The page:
Letterbox with hardwood railway sleepers and steel


Extract from video transcript

In this project I build a hand-crafted letterbox using old hardwood railway sleepers and a box that I fabricate from angle iron and cold rolled 0.75mm sheet metal.

Sometimes I start with a 3D sketch so I can move shapes around and try different ideas. In this case, it was useful for figuring out how I'd attach everything together since it all needs to be solid in the ground. It's just a starting point though and I'll often change my mind as things go on.

One of the things I really like to do is take old materials and turn them into new things. Down the hill here a bit there's an old railway sleeper that's half-buried in the mud. I reckon that could make a good upright for the side of the letterbox.

Back in the workshop I found a length of 25 by 25 by 2 angle iron. I'll use this for the frame and I want to run it around the outside of the letterbox, for the look I'm going for. I'm chopping this up on my bandsaw but this would be easy enough with a cheap angle grinder, specially as I'm only use square cuts.

I studied the Australian Post recommendations. The recommendations include everything from aperture size to the ideal height off the ground. I've basically made mine a little larger than standard since we live out of town and do get the odd box shoved in our letterbox.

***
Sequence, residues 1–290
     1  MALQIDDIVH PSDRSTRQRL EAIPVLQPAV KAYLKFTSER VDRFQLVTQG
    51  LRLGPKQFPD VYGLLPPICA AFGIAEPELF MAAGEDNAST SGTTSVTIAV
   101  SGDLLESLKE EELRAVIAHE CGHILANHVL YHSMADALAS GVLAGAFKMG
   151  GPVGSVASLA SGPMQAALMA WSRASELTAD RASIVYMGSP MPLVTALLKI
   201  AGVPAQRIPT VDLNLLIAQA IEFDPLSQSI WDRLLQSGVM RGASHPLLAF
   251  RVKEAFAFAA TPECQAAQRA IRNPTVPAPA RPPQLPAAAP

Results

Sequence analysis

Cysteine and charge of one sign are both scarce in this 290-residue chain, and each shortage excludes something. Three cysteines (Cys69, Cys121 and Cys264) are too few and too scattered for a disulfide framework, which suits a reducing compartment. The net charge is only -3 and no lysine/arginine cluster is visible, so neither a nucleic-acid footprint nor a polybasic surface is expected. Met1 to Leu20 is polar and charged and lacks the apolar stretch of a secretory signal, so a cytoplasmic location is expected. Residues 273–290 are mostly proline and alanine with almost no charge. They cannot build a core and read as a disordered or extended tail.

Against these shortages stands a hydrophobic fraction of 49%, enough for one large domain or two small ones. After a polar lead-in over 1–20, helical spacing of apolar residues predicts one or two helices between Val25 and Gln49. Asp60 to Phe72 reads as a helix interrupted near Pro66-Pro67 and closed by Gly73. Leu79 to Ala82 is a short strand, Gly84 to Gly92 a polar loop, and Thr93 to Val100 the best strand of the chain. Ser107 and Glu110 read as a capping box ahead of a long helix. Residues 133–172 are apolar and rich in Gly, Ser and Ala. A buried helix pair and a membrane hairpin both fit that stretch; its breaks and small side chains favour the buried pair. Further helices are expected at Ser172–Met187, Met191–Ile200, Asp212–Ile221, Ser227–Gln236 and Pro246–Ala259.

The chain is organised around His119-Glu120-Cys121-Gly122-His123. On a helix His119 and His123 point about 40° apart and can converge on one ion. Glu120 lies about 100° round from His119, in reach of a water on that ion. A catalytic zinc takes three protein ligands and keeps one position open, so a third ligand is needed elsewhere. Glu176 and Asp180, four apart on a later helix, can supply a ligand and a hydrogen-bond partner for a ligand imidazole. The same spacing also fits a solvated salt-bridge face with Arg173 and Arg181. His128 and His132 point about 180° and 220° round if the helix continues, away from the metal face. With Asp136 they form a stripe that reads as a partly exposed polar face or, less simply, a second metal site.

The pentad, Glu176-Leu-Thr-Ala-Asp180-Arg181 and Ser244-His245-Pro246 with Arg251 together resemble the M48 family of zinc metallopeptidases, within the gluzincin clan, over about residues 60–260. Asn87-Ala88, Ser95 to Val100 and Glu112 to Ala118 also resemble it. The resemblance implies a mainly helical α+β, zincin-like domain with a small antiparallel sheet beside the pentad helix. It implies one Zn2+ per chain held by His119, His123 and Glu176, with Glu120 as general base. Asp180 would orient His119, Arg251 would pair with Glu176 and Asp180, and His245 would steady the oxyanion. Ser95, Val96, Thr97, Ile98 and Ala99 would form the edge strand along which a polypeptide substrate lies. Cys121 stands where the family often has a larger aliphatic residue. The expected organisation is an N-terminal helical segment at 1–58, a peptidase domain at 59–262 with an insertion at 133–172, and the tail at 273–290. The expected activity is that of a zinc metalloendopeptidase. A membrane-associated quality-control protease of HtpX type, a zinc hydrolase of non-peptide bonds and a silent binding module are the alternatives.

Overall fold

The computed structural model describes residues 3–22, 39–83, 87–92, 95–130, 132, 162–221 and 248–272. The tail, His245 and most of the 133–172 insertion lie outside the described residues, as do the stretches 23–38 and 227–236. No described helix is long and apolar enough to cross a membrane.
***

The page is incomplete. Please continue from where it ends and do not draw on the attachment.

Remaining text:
I found a couple of old hinges in a parts box. I've just cut the tops off them, welded them inside this outer frame, then I'm going to use this rod to make an inner frame that will form part of the door. I'm shaping some 5mm flat bar to use as bands which will wrap around the railway sleepers to hold them together. Hand-forged elements - even really simple shapes - transform a fabricated item into something that feels more unique and customised. Then I shape a custom latch for the rear door of the letterbox which is really just a bit of experimentation and figuring it out as I go.

For the footing, I did 2 concrete pours. The first one around a timber frame to get the levels right. After cutting this frame out I did a second pour to give everything more weight. The second pour isn't shown in the video.

I decided to weld on a piece of flat bar that joins both of the bands. This is nice and strong and I can bolt the letterbox structure to the post. It actually turned out better than welding and I can remove the letterbox if I ever need to.

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Front of letterbox
Finished letterbox from rear
Padlock to prevent mounting bolt tampering
Steel box fabrication with corten aperture